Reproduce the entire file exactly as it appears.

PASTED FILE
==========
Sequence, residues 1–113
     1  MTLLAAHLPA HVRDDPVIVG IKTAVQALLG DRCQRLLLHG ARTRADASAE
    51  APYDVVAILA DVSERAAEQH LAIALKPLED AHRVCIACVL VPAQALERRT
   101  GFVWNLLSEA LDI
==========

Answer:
Sequence, residues 1–113
     1  MTLLAAHLPA HVRDDPVIVG IKTAVQALLG DRCQRLLLHG ARTRADASAE
    51  APYDVVAILA DVSERAAEQH LAIALKPLED AHRVCIACVL VPAQALERRT
   101  GFVWNLLSEA LDI